Galactic Coordinate System

The galactic coordinate system locates objects within the Milky Way galaxy by ‘latitude’ and ‘longitude’ in a similar manner to Right Ascension and Declination in the equatorial coordinate system. The current definition of the galactic coordinate system was finalised by the IAU in 1959.

The galactic plane, or galactic equator, is similar to the celestial equator of the equatorial coordinate system. It is the great circle of the celestial sphere made by the plane of the disk of our Galaxy.

Galactic coordinate system. Positions of objects are measured in terms of their galactic longitude ( l ) and galactic latitude ( b ). The galactic plane slices the Galaxy in half (top and bottom).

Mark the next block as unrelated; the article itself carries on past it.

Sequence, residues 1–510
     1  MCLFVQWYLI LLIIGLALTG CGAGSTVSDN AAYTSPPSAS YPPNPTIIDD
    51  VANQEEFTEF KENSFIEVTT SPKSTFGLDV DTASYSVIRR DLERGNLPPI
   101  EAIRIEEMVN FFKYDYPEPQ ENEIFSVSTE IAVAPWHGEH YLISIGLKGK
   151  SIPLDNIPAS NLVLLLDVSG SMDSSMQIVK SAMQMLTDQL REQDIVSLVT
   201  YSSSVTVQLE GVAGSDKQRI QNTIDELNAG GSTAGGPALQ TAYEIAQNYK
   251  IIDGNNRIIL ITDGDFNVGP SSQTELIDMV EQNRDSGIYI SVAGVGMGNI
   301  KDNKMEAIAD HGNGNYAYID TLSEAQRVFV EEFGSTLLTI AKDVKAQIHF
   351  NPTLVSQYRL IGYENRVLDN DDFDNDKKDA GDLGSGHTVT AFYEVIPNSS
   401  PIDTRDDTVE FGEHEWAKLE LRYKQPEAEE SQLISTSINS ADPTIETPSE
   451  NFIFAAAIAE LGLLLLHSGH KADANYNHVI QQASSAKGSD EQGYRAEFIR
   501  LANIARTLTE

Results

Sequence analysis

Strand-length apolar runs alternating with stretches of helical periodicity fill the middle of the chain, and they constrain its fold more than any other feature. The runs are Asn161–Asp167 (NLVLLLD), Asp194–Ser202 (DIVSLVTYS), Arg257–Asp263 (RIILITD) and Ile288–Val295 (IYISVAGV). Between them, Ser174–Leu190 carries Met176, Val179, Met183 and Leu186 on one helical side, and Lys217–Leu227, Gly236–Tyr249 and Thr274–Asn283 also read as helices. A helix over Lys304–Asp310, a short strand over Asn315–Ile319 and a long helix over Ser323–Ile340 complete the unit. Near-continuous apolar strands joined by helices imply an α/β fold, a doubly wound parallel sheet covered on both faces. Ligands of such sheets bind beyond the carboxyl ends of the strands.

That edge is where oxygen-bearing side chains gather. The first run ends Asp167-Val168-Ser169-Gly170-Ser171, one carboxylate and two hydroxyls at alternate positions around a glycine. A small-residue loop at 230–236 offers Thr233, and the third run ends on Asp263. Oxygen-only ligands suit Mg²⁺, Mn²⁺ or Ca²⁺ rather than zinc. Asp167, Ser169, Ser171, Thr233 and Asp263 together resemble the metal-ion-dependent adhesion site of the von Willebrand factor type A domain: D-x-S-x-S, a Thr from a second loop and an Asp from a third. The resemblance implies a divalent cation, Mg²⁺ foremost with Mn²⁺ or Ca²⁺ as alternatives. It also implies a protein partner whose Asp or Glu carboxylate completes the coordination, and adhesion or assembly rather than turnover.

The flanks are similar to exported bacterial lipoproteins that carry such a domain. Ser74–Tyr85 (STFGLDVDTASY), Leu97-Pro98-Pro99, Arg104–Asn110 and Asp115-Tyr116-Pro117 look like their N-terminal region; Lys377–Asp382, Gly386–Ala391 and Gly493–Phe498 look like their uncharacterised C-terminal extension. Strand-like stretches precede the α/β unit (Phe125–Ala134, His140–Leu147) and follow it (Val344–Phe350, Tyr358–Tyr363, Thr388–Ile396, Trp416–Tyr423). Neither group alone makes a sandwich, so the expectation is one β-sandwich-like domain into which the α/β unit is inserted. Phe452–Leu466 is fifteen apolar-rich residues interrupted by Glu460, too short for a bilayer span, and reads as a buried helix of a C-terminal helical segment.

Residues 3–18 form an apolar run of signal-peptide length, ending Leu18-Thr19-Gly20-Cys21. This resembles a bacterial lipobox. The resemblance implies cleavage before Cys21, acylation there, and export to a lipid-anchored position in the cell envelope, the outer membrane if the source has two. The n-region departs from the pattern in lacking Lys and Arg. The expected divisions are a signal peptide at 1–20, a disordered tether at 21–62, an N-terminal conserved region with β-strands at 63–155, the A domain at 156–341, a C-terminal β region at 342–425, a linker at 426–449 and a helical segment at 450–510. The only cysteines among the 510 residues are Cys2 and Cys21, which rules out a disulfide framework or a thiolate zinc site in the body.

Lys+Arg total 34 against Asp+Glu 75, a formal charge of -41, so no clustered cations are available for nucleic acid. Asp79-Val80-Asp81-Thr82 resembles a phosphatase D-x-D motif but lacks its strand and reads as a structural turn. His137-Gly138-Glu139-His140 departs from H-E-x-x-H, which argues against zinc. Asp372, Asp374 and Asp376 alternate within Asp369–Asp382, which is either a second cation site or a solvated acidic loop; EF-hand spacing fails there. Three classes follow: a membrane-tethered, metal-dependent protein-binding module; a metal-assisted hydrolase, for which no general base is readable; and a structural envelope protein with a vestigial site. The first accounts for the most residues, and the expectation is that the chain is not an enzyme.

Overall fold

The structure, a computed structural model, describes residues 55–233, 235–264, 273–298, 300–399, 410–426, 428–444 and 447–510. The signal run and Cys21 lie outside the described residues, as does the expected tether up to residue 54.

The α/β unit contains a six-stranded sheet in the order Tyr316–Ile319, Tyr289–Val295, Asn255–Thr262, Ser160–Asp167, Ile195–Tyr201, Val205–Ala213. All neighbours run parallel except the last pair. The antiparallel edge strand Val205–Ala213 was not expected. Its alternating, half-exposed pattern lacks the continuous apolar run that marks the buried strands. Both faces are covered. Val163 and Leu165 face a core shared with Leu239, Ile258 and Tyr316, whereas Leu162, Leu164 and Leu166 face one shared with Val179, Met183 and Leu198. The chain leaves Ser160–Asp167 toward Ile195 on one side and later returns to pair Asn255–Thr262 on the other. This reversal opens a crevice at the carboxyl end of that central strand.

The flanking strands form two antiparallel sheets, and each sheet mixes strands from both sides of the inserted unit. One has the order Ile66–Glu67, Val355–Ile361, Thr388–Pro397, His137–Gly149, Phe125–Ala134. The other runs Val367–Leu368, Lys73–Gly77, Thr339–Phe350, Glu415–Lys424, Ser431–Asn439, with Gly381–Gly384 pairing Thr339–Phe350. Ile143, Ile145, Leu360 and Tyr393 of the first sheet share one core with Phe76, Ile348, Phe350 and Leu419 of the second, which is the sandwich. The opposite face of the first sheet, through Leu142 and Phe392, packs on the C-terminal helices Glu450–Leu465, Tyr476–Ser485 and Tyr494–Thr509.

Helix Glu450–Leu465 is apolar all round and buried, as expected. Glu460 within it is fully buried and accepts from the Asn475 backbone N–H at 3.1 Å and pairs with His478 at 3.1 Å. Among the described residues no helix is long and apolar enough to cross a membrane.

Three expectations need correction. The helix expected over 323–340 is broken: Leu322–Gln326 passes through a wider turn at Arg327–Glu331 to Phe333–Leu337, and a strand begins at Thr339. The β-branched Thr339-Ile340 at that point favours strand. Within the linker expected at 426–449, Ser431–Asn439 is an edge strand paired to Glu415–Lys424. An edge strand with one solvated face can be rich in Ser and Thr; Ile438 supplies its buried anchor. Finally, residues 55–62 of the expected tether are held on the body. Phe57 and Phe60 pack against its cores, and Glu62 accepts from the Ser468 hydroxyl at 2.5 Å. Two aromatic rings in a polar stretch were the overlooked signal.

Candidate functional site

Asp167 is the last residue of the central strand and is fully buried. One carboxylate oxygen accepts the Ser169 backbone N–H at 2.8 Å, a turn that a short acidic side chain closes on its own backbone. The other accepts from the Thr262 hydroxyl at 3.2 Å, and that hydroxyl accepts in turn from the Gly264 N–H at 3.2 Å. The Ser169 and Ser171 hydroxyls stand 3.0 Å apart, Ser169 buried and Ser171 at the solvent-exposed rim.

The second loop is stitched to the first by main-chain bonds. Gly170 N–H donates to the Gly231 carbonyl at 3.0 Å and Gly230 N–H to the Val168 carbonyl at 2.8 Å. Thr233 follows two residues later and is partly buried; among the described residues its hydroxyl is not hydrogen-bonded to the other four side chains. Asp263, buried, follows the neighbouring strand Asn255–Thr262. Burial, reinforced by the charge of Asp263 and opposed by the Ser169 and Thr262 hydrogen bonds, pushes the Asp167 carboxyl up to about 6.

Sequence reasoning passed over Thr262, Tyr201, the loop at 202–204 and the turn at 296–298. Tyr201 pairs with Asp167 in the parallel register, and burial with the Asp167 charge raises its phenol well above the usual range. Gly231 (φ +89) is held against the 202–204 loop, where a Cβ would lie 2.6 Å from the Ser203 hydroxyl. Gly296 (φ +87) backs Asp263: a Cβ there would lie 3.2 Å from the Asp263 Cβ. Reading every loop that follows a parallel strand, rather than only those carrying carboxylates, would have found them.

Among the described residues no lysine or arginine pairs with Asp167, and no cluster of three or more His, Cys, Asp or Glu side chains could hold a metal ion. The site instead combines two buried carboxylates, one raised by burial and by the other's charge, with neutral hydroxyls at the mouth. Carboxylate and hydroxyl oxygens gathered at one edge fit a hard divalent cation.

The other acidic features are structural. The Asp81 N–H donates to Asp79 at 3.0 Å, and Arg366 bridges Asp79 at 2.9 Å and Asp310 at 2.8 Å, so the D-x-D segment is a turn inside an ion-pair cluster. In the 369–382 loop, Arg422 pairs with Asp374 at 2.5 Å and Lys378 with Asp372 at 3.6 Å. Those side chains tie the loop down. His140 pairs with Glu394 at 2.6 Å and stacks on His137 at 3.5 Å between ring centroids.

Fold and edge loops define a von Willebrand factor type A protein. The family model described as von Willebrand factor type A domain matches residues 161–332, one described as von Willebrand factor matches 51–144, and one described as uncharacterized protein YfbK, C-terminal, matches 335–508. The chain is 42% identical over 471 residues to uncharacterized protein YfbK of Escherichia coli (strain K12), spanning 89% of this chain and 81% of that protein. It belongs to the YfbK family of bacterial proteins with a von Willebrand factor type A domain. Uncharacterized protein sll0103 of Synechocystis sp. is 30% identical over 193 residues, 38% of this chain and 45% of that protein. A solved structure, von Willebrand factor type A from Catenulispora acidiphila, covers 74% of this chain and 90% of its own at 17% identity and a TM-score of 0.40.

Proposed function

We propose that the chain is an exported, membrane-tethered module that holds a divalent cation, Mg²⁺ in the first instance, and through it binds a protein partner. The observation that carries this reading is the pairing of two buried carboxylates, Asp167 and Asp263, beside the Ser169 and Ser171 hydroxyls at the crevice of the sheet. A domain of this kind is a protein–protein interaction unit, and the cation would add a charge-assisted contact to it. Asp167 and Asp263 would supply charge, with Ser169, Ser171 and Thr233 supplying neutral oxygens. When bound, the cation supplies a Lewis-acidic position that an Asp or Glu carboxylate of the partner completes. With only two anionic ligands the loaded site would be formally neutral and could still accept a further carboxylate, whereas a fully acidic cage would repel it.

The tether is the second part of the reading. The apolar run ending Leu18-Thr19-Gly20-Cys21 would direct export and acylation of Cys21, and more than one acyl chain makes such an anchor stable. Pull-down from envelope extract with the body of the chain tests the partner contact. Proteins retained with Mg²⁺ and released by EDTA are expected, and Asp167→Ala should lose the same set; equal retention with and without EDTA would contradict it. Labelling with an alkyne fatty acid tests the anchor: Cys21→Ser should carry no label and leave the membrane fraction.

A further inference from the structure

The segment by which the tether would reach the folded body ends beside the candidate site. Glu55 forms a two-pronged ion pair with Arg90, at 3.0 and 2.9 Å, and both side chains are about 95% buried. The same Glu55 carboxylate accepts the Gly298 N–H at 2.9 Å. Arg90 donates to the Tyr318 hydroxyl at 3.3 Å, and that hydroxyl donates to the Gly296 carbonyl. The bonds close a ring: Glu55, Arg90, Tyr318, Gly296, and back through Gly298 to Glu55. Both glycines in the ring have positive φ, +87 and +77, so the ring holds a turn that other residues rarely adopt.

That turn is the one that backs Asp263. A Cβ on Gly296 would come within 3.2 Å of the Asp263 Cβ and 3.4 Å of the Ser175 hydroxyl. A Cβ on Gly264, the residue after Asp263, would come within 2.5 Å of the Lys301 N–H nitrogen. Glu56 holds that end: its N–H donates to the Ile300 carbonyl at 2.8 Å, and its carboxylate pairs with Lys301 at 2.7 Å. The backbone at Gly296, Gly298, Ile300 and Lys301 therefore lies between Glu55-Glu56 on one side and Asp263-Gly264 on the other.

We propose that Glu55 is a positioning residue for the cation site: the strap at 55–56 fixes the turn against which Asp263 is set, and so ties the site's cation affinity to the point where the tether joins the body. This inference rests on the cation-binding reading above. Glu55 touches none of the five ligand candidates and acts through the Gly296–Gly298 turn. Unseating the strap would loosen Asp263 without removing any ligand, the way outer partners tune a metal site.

The system defines a sphere enclosing the galaxy, with the Sun at its centre, onto which galactic latitude (b) and longitude (l) are projected. Galactic latitude ranges from -90° to +90° (below and above the galactic plane respectively), and galactic longitude ranges from 0° to 360°. The galactic longitude l of an object is the angular distance around the Galactic equator from the Galactic centre at l = 0⁰ (towards the constellation Sagittarius) to the object. As for right ascension in the equatorial coordinate system, galactic longitude increases counter-clockwise as viewed looking down from the north galactic pole.

The galactic north pole is at RA = 12h 51.4m, Dec = +27⁰ 07’ (2000.0), the galactic centre at RA = 17h 45.6m, Dec = -28⁰ 56’ (2000.0). The inclination of the galactic equator to Earth’s equator is 63⁰.

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